Rebecca Tyrrel: Days Like Those

'Anything in this house that qualifies for life in a jar will be turned into jam, sauce or jelly'
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When Matthew nonchalantly announces that he is going to do "a quick shop" what he actually means is "I will be returning in three hours with upwards of 28 supermarket carrier bags". He will be drenched in sweat and too exhausted to unpack anything, so I will have to do it while he has a long, cold bath.

In short, what Matthew suffers periodically is a "doolally". This is an episode during which he becomes der- anged or feeble-minded. The word is Indian army slang from Deolali, a town near Bombay where fever and madness were prevalent a century ago.

There are many times when I notice that Matthew is doing something that would not be considered normal behaviour. Just now he took some ice cubes out of the fridge, shook them into a tea towel, folded the towel and then stuck it to his head with parcel tape. The next heat combatant he comes up with will be entirely different. A doolally, however, is always the same. It involves the purchase of industrial quantities of food.

The last doolally produced six packets of scones, 12 chicken thighs, two chickens, eight lamb chops, six pork chops, six jars of mustard, three cos lettuces, three iceberg lettuces, three cucumbers, three green peppers, three red onions, three pounds of Dutch tomatoes, six bottles of Tabasco, six jars of horseradish and six tubs of Duchy Originals soup (with a sell-by date of the day after tomorrow). There were four tins of tomatoes, four tins of tuna and a family-size tin of Cadbury's Roses that will be company for the family-size tin of Cadbury's Roses that arrived five days ago. Perhaps they will breed in the cupboard and produce some Celebrations.

Matthew's only explanation, and one delivered with very little confidence, is an atavistic fear traceable to his Ukrainian antecedents. He is subconsciously worried that we will be forced to hide out and live off meagre supplies while Cossacks maraud up and down the Uxbridge Road. But even in the unlikely event of a Shepherd's Bush pogrom, I can't see how Tabasco in quite such large quantities would help.

In the middle of counting the oranges (74), I had a marvellous idea. I put it to Matthew a few minutes ago, when to fend off heatstroke he removed two of the three dozen Soleros from the fridge-freezer and taped them to his wrists. (He then headed for the door and I said that if he left the house with things taped to him he would be arrested. He replied that if it saved him a Tube trip in this heat he would have no objection.)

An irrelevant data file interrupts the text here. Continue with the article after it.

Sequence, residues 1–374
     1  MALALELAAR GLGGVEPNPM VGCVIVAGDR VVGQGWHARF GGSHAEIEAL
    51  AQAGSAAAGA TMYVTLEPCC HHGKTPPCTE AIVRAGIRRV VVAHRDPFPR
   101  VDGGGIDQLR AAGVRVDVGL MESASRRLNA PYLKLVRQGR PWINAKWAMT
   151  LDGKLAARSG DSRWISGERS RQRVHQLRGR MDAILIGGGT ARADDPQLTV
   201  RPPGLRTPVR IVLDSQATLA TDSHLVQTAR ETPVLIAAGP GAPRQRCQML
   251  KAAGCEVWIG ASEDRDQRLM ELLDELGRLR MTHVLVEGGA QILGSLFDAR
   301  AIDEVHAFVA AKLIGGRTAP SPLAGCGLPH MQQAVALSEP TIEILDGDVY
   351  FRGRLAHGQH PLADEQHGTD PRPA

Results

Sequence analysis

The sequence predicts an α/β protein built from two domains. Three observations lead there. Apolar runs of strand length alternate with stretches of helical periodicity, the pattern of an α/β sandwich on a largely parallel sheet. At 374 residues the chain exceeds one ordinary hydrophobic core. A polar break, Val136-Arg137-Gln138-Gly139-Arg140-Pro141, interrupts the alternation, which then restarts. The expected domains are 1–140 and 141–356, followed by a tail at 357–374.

My marvellous idea is to become a semi-professional producer of preserves. Anything in this house that qualifies for life in a jar will be turned into jam, chutney, sauce or jelly.

"I see," said Matthew, releasing the Soleros and offering me one, "it will be the soup fiasco all over again." He refers to a brief period in 1999 when I took to making soup with such doolally excessthat I had to give it away. A homeless couple who were residing next to a KFC were grateful the first time I pitched up with a flask, slightly less so the second and when I arrived for a third time the man politely explained that while they appreciated my kindness, they weren't "really soup people".

This time I started with marmalade, a Nigella recipe, and gave some to a friend with children. Within a week I had received an e-mail asking for more. It became clear very quickly that I had found something I was good at and that I should share my gift with those in need. Matthew's doolallies were being used up and, in turn, I was serving the community.

So next up was raspberry jam, and then I moved on to chutney, starting with gooseberries. This wasn't quite so successful, but the plum and raisin looks as if it's going to be a stunner (although will not be ready for eating for three to four months) and apple and geranium jelly (Matthew did a doolally in Homebase if anyone needs any curtain rings, stopping off in the plant section) is heaven on a piece of wholemeal toast.

I have now become addicted to preserving and find that I am pacing the floor in anticipation of Matthew's return from the shops in a sweaty state of over-excitement about what I will be pickling or bottling next.

I am taking some of the tomato and walnut jam and melon marmalade I made earlier today to a homeless shelter after phoning in advance so that they knew I was coming. Matthew, who has never had any confidence in my culinary skills and is put out that the marmalade went down so well, says he is worried that I might be told when I get there that they are not "jam people". I put this down to sour grapes on his part. (Talking of which, I have found an excellent method for pickling the muscatels he came home with yesterday.)

In fact, I am quite confident that my jam and marmalade won't be turned down and even if they are, the people at the shelter will have trouble resisting the tuna, fruit scone and Tabasco gift packages I have put together for them.